As part of its plan to save energy and the environment, the Biden administration is getting ready to ban all common light bulbs across the country.
The Department of Energy (DOE) finished the rules in April 2022, which say that stores can’t sell incandescent light bulbs after August 1, 2023. The DOE will start fully enforcing the ban on that date, but it has already told stores to stop selling that type of light bulb and has started sending warning letters to businesses in recent months.
“The lighting industry is already embracing more energy efficient products, and this measure will accelerate progress to deliver the best products to American consumers and build a better and brighter future,” Energy Secretary Jennifer Granholm said last year.
According to the DOE’s announcement, the regulations will save consumers an estimated $3 billion per year on utility bills and cut carbon emissions by 222 million metric tons over the next 30 years.
Under the rules, light bulbs like incandescent and halogen will be banned in favor of light-emitting diode, or LED, bulbs. Since 2015, more and more U.S. households have switched to LED light bulbs. However, the most recent results from the Residential Energy Consumption Survey show that less than half of households use mostly or only LEDs.
Remember it's all about controlling every aspect of our lives. Washers, light bulbs, stoves, cars, mowers, utilities. What's next? Our clothes?— llanier💥💥🦮💥💥 (@llanier67) April 1, 2023
Biden admin moving forward with light bulb bans in coming weeks | Fox News https://t.co/HdpuhFSKop
Overall, the federal data showed that 47% of people use mostly or only LEDs, 15% use mostly incandescent or halogens, and 12% use mostly or only compact fluorescent (CFL). Another 26% said they didn’t have a main type of bulb. In December, the DOE made new rules that made it illegal to buy CFL bulbs. This made it possible for LEDs to become the only legal light bulbs to buy.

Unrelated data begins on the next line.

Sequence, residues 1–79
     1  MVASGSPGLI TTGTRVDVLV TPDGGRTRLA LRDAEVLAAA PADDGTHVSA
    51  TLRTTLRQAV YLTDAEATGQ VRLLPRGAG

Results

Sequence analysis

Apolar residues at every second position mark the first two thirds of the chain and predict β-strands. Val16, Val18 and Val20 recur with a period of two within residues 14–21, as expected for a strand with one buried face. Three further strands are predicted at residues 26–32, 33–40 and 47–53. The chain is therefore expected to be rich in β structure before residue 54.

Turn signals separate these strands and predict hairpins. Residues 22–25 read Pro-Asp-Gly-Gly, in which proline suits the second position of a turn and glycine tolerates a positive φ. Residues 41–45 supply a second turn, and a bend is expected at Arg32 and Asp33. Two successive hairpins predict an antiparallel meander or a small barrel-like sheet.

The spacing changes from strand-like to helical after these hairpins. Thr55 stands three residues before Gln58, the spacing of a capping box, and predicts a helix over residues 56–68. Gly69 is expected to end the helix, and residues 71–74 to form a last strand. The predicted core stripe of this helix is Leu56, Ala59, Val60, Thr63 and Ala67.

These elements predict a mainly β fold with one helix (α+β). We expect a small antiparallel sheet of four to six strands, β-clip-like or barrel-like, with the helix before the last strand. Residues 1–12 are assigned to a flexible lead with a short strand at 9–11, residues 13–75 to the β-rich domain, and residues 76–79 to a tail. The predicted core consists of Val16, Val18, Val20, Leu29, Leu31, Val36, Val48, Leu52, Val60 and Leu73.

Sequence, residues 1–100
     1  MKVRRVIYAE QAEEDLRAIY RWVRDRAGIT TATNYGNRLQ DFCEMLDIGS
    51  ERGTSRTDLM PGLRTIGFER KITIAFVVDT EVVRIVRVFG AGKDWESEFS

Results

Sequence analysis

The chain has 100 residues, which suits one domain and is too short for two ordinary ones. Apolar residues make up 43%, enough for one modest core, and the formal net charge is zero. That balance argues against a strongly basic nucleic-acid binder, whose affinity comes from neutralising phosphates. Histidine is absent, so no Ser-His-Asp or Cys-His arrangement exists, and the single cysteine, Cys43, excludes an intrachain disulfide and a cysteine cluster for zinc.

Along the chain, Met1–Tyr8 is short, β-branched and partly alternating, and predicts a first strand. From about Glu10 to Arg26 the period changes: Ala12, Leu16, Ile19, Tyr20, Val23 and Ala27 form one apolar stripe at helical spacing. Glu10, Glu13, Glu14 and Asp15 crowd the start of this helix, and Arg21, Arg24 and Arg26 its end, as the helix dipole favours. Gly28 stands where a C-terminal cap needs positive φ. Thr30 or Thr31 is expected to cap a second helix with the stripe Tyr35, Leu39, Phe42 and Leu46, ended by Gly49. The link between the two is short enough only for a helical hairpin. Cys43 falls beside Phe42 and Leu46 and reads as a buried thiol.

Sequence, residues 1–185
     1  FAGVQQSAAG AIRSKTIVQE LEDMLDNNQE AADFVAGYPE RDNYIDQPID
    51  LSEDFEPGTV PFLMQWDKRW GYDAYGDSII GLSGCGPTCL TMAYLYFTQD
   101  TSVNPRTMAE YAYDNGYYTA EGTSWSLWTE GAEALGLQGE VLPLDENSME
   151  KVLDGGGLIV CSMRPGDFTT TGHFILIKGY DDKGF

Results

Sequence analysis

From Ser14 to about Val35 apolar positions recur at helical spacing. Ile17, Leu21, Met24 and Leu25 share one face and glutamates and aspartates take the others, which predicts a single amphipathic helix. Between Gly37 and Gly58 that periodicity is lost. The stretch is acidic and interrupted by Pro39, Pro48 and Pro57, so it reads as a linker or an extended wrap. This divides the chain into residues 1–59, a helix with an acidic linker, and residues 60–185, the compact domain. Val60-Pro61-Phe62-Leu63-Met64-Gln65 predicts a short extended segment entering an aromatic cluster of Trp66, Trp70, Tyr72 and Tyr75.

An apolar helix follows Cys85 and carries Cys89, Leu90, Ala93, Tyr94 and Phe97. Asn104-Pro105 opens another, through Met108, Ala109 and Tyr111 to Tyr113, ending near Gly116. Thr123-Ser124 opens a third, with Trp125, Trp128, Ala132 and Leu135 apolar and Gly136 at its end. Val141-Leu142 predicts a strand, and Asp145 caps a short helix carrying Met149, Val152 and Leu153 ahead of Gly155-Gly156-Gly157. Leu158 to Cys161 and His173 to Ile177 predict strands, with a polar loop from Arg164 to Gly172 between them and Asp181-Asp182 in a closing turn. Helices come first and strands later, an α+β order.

According to the survey results, LEDs are also much more common in homes with higher incomes. This means that the energy regulations will mostly affect Americans with lower incomes. 54% of homes with an annual income of more than $100,000 used LEDs, but only 39% of homes with an annual income of $20,000 or less did.
It starts with Gas Stoves, Washing Machines and Light Bulbs, it ends with full blown communism. pic.twitter.com/gmbmsFBdVr— Phillip Oliver-Holz (Alpha Male)🇺🇸 (@ThePhillipHolz) April 1, 2023
“We believe that further regulatory interference in the marketplace is unwarranted given that more energy efficient lighting choices, namely light-emitting diode (LED) bulbs, are already available for those consumers who prefer them over incandescent bulbs,” a coalition of free market and consumer groups opposed to incandescent bulb bans wrote in a comment letter to the DOE last year.
“While LEDs are more efficient and generally longer-lasting than incandescent bulbs, they currently cost more than incandescent bulbs and are inferior for certain functions such as dimming,” the letter continued. “Consumers are best served by retaining the choice between incandescent bulbs and LEDs rather than regulating incandescent bulbs off the market.”
The groups also said that estimates of how good energy efficiency rules are for the climate are “speculative, based on assumptions, and likely to be biased in the hands of agencies with a regulatory agenda.”
The rule from the DOE in April 2022, on the other hand, got rid of a rule from the Trump administration that was meant to protect incandescent light bulbs and give consumers a choice of what to buy. Former President Donald Trump was also against LED light bulbs. In 2019, he said that they are often more expensive, don’t work well, and make him “look orange.”
Environmental groups that were against what the Trump administration did have praised the Biden administration for cracking down on incandescent light bulbs.
“We are long overdue to phase out inefficient old-fashioned light bulbs as this progress was illegally delayed by the Trump administration for more than two years. LED bulbs, which will replace the old incandescents, use one-sixth the amount of energy to deliver the same amount of light and last at least 10 times longer,” said Joe Vukovich, an energy efficiency advocate at the Natural Resources Defense Council.
In the last few months, the DOE has put out a number of rules about how energy-efficient home appliances, such as gas stoves, ovens, clothes washers, refrigerators, and air conditioners, need to be. Critics have said that the rules are an overreach by the federal government and are not needed because the industry has improved technology without government help.
On his first day in office in January 2021, President Biden signed an executive order requiring the DOE to make “major revisions” to current appliance regulation standards and standards set by the Trump administration. A month later, the agency began moving forward on more than a dozen energy efficiency rules, impacting a wide range of appliances.